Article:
YOSEMITE!

The park icon, Half Dome!
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A stop for old times

We blew in to Yucaipa for two nites so we could catch sight of some friends from loooong ago who live nearby in the Loma Linda area.

It worked!

Sooooo nice to spend brief time with Bob & Lillian, Kathy, Jim, Candy…. and sooooo sad to miss connecting with Larry!

Some of these friendships go back to high school!

And on the way out of town, the rain parted, we stopped at an interchange and pulled into a Home Depot lot…so we could meet up with Marina for hugs & laughter!

No pictures from these fabulous private moments….

The Big Taxi headed north…for 10 days in Yosemite!

Ummm, pictures to follow….

Blowin through a dry land

The real point of our present loop to the West Coast….is the West Coast.

Not real shocking, but it does mean the 2400 miles between Dayton and Los Angeles gets the short shrift. At least on the way out…maybe on the way back we’ll stop a little more.

We drove the 1400 miles from Dallas to Loma Linda in three days, stopping one night in a rest area and the other night in the parking lot of a Pea Soup Andersen’s restaurant. The second stop was real convenient for supper and breakfast (who knew pea soup could be so good?), but dreadful for sleep….because it was next to a truck stop and across the street from another truck stop!

The photos below are in the sequence we encountered them, and I’d be hard-pressed to identify the state in which each was taken…what with Texas, New Mexico, Arizona, and California all looking so much alike from I-20 and I-10!

You will notice, however, that we began the run by encountering a massive wind generator farm, and we finished it in the same manner. Neither photo does justice to the incredible number of machines in that area.

Just an aside: we concentrated so much on keeping moving, that these photos were shot as we rolled, with the exception of the train and the photo after it.
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Ice in Texas

We left the blustery weather in Michigan just in time….snow arrived in just days, and BIG snow arrived in just weeks (14 inches on the streets that overlook the St Joe pier and light house!).

Our travels passed through Kokomo, IN to see Grandma Fell, then onward to Dayton for a fast round of routine doctor appointments and other necessary stops, then onward to Albemarle, NC for five days with the boys’ Mama Sharon.

Then we put the coach in gear and dropped the hammer. Three days of driving…interrupted by two nights parked in Home Depot lots…found us in Keene, TX, just south of Dallas/Fort Worth.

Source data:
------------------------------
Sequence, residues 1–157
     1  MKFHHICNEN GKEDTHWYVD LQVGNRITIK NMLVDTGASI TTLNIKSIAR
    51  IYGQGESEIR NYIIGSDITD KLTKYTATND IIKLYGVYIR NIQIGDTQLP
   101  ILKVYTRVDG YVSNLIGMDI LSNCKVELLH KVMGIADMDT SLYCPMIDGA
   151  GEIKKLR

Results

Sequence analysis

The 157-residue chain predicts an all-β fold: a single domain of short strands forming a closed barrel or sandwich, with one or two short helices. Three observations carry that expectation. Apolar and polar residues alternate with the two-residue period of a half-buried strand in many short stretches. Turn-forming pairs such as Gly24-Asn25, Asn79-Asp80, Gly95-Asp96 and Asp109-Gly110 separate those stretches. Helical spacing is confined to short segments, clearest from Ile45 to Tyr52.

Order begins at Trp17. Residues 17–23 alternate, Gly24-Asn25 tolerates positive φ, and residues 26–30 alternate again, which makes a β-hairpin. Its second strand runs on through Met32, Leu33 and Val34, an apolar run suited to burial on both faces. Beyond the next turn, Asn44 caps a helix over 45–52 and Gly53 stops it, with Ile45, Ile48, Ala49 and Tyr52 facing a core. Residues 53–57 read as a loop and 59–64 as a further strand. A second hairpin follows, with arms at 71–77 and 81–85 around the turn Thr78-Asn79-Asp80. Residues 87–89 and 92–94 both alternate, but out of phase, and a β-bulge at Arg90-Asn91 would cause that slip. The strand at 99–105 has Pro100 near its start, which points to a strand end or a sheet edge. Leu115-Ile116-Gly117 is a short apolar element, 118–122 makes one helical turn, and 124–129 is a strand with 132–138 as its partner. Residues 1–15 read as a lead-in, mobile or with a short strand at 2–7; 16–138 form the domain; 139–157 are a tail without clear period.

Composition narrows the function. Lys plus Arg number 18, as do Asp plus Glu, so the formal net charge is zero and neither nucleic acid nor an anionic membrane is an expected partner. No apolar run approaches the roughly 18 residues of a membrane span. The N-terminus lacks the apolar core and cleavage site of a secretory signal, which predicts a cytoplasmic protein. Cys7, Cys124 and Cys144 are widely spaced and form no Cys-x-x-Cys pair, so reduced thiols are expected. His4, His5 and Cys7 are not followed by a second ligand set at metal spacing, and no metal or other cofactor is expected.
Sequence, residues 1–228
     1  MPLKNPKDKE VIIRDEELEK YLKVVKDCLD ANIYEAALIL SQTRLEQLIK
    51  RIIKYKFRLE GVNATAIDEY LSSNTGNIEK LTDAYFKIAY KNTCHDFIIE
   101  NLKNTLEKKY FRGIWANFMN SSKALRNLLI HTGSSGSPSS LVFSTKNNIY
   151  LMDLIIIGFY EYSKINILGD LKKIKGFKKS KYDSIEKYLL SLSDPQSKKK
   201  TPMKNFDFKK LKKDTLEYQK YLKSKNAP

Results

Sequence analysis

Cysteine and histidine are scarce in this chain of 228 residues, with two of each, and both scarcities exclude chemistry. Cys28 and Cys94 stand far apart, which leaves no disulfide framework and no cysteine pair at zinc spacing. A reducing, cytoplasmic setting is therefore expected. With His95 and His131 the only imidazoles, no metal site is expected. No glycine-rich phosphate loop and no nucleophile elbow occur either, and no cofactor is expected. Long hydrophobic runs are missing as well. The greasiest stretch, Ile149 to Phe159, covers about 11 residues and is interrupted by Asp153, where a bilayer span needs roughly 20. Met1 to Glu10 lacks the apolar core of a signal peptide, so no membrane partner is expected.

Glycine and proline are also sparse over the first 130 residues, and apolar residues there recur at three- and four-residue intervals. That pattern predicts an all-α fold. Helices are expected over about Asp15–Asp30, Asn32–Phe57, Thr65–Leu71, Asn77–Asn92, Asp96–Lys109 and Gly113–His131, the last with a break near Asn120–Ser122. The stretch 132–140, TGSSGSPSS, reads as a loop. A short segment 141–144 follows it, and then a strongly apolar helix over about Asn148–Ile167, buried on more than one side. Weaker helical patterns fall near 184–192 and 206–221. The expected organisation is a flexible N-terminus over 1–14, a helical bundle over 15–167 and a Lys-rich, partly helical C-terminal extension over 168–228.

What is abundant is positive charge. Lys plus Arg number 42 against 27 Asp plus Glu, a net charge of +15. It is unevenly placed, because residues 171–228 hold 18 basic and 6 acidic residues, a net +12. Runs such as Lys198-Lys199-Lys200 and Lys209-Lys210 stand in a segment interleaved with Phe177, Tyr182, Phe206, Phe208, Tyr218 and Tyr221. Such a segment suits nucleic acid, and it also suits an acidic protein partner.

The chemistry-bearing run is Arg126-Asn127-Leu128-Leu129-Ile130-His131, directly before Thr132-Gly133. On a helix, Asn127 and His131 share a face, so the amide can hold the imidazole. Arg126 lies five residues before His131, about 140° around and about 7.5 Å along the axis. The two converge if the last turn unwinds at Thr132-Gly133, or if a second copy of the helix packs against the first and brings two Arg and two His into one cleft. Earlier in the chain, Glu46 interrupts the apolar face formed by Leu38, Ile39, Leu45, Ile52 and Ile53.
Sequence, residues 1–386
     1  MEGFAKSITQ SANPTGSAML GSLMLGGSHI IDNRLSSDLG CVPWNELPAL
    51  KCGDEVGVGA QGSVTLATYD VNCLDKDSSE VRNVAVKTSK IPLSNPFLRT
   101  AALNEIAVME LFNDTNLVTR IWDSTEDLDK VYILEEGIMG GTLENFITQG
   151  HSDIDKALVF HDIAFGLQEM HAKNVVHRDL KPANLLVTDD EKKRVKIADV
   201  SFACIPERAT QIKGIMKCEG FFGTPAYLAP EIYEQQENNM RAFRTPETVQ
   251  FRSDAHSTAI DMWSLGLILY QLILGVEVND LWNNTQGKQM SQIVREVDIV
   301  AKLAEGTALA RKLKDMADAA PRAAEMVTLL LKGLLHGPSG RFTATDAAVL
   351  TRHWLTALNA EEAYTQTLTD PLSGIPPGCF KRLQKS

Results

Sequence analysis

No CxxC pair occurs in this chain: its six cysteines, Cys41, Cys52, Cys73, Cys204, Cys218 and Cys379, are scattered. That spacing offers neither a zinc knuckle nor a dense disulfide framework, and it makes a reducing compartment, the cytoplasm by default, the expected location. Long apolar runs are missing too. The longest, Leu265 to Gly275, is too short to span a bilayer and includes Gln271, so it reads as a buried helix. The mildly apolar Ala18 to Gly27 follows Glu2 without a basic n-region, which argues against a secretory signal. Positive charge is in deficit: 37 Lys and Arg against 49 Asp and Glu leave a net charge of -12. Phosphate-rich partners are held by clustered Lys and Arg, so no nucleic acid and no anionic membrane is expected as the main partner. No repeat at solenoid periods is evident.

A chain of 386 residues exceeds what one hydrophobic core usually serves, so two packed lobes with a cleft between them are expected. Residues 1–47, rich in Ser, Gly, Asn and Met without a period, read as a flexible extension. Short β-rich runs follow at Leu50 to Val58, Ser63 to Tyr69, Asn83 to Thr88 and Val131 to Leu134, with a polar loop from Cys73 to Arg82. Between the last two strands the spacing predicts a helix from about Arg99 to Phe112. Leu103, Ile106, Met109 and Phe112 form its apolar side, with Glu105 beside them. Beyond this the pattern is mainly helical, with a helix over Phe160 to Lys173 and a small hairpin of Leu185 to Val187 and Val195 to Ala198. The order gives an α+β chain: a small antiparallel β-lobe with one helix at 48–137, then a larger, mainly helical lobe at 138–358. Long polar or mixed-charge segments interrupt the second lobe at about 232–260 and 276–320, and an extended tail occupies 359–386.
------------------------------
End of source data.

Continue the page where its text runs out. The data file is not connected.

This was a special stop of just over a week: to connect with some dear friends from days of old, to allow Robyn’s sister, Marion, to catch up to us and accompany Robyn to hear an old friend, and to give us a chance to catch a very special production for the winter season.

We missed by days a special memorial service in Dallas to commemorate the 50th anniversary of the assassination of President John F Kennedy in that city. It’s fair to say the citizens and leaders of Dallas are still horrified at their special place in history as a result of this event.

Marion drove in from visiting her daughter and grandchild in Indiana, so she could accompany Robyn to a Josh Groban concert in Dallas! It was an unusual “concert in the round” and the girls had a wonderful time!

Perhaps the highlight of our stop…mostly because it was so very unusual…was our visit to the Gaylord Texan hotel. Already a high-profile place with grand and dramatic architecture, it was time to begin their celebration of the holidays with lights, decorations, and events!

You can see from the following photos that the lobby was festooned with lights from the glass canopy ceiling down to the fountains and rivers below floor level!
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But wait, there’s more….

We really scheduled ourselves for this visit to Gaylord Texan because their holiday season celebration included a show simply called “ICE”.

There was nothing about the show that was simple….

A group of artists from China had been working for weeks to create figures and settings from “The Nutcracker” all in the form of ice: clear, frosted, and colored ice. We wore big parkas and walked around these works of ice inside a huge freezer building.

The photos below barely begin to capture the beauty and artistry of these works of ice. Click on each to see the detail.

The display concluded with a full nativity scene that included animals, magi, and shepherds. All figures were made of clear ice, with some subtle color provided by lights.

We were profoundly impressed by the big way in which Texans bring ice to their winter!
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Unfinished business

[So sorry for the silence. We have been traveling almost constantly, which leaves little time or energy for blogging…but we hope to bring you up to date in short order.]

On our last day in Michigan we ran across a couple scenes we had to share with you.

The pier and lighthouse at Saint Joseph have always occupied a special place in our hearts. Robyn and I often went there when we dated in the early 70s before either of us married others. So we drove out for a last look…on a blustery day…knowing wind would bring some drama…

We felt like we got our money’s worth!
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To cap it all, on our way back to the coach, on a chilly day in late October in Michigan, the state that grows so many crops…including flowers that are cut and sold to florists nationwide…we ran across this colorful field of gladiolus…
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